This account is pending registration confirmation. Please click on the link within the confirmation email previously sent you to complete registration. Need a new registration confirmation email? Click here
NEW YORK (
TheStreet) -- Despite the hysterical media coverage of Hurricane Isaac, share prices for major property insurers have held up quite well over the past two weeks.
The Allstate Corp.(ALL - Get Report) closed at $37.33 Wednesday, down 1% from two weeks earlier, while
The Travelers Companies (TRV - Get Report) saw its stock rise 2% over the same period, to close at $64.80 on Wednesday.
The reason that Isaac has had no effect on the insurers' share prices is that the damage estimates so far from hurricane top out at $1.5 billion. When you compare that with a hail storm that hit Dallas in June caused just as much property damage, this hurricane will not move the insurance share needle.
In fact, the nation's largest publicly traded property and casualty insurers are still reeling from a major bet on building their businesses in the Midwest, while shying away from coastal areas, lessening the impact of hurricanes on their balace sheets and doubling down on the impact of losses from tornados, hail storms and severe thunderstorms.
As the insurers began to reduce their underwriting in coastal areas in the wake of Hurricanes Frances and Jeanne in 2004 -- and especially the catastrophic Hurricane Katrina in 2005 -- they began focusing on building their property insurance underwriting in the Midwest.
At the same time insurers faced an accelerating trend for severe storms in the region. According to a study released by the Rocky Mountain Climate Organization in May, using 50 years of data from 218 U.S. Climatology Network in Illinois, Indiana, Iowa, Michigan, Minnesota, Missouri, Ohio, and Wisconsin, the frequency of storms dropping between two to three inches of rain a day increased 30% from 2001 through 2010, with storms dropping three inches or more of rain in a day increasing 51%.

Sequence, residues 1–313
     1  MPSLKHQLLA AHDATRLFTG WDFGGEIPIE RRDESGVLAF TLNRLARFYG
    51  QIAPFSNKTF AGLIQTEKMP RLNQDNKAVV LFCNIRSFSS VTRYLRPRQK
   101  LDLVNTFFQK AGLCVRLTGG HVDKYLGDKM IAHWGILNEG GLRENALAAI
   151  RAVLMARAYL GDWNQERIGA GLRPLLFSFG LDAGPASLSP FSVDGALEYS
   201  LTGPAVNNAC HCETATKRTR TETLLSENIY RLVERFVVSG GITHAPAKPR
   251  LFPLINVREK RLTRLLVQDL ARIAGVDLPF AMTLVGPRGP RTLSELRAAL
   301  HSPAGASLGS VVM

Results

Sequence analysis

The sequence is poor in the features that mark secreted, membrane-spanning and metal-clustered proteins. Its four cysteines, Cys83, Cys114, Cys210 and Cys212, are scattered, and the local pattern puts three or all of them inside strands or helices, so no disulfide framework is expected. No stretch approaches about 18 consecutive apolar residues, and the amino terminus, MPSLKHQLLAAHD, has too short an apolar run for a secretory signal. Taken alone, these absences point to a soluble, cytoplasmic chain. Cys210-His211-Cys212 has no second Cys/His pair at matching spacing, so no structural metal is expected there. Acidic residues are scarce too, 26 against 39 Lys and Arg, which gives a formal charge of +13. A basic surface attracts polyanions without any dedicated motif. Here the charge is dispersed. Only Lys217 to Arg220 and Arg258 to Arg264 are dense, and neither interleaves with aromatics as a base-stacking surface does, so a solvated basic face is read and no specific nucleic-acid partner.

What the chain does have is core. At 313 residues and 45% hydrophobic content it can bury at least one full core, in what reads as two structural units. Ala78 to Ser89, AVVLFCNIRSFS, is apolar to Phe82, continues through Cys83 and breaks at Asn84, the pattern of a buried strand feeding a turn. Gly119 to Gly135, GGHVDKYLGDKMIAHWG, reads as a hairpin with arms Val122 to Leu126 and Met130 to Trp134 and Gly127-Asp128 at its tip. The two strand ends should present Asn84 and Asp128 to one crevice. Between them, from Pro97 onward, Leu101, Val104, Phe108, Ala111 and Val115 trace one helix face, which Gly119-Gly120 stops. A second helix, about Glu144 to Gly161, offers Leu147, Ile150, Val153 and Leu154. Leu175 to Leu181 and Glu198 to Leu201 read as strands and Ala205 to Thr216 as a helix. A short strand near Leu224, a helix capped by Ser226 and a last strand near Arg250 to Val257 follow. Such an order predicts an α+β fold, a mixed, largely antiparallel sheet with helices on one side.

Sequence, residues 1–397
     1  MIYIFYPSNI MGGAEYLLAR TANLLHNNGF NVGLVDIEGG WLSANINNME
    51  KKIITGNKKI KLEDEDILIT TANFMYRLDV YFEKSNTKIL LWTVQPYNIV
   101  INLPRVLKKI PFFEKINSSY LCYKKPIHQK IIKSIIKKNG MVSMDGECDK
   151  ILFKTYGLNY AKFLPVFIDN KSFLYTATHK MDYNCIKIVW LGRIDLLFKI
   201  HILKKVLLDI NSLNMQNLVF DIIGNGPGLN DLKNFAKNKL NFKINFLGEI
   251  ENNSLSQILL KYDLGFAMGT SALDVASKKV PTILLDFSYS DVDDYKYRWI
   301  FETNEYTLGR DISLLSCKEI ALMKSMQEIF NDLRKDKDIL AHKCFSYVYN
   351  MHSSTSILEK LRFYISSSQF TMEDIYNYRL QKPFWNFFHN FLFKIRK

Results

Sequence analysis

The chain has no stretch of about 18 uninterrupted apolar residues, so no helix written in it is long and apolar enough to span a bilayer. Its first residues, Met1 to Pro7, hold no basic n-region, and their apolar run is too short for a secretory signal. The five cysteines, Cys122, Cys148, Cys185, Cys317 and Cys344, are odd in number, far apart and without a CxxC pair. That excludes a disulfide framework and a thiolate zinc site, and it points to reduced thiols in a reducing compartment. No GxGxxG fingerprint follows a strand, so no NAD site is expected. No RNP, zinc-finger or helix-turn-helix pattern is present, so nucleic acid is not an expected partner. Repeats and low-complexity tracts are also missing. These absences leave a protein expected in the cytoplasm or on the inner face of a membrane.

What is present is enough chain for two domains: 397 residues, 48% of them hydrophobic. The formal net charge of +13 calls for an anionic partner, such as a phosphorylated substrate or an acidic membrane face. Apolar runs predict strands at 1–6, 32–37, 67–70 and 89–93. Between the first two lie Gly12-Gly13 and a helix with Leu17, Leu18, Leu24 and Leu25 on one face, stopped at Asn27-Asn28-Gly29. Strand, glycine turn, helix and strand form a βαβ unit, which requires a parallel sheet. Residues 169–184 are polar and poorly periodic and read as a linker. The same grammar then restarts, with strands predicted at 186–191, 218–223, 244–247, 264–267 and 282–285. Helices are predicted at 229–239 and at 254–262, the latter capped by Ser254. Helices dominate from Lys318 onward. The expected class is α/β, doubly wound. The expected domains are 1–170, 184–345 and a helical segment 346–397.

Tornadoes in the Midwest have also become more frequent. According to the National Climatic Data Center, in the spring and summer of 2011, "there were seven individual tornado and severe weather outbreaks with damages exceeding one billion U.S. dollars, and total damage from the outbreaks exceeding 28 billion U.S. dollars," and that the confirmed 1,625 tornadoes in 2011 (with 93 still pending) was "the second or third most active year on record for number of tornadoes since the modern record began in 1950."
Wild fires have also been a major concern in some parts of the country.
According to Insurance Information Institute president and economist Robert Hartwig, "last year there were nationally about $33 billion in insured catastrophe losses in the united states, for the fifth most expensive year in history. Unlike 2004 and 2005, when hurricanes were the dominant events, the reality is the industry has seen record or near-record thunder storm losses every year since 2008.
For insurance purposes, a thunder storm "includes everything may happen in a thunderstorm, including tornadoes, hail, lightening and straightline winds" according to Hartwig.
Hartwig says the property insurance industry has faced "a prolonged period of large-scare catastrophe losses, mostly away from the coast, which has created very substantial claim activity in parts of the country that have not usually seen losses of this magnitude," and that "over time, we see these losses trending upward.
"There have been enough weather events causing problems over the past few years, so a Hurricane is just another event," according to Weiss Ratings senior financial analyst Gavin Magor, who says that for the major property insurers, "the problem is when you keep having them and you're not reserving sufficiently and being extra competitive with your rates, underpricing to gain market share, you will suffer large unexpected losses."
"P&C insurers under a tremendous amount of pressure, and this is the one area in the insurance business where we have seen failures this year," according to Magor, who says that "11 property insurers have failed so far during 2012."
According to Hartwig, "insurers are looking at these apparently sustained trends, which have become a driver for higher insurance rates for homes and for commercial structures." The higher rates "really started last year," he says. "commercial property insurance rates as of the middle of 2012 were up 7 to 7.5% nationally, and that trend is continuing as we move through the second half of 2012.
Here's how the numbers stack up for two of the largest publicly traded U.S. property insurers: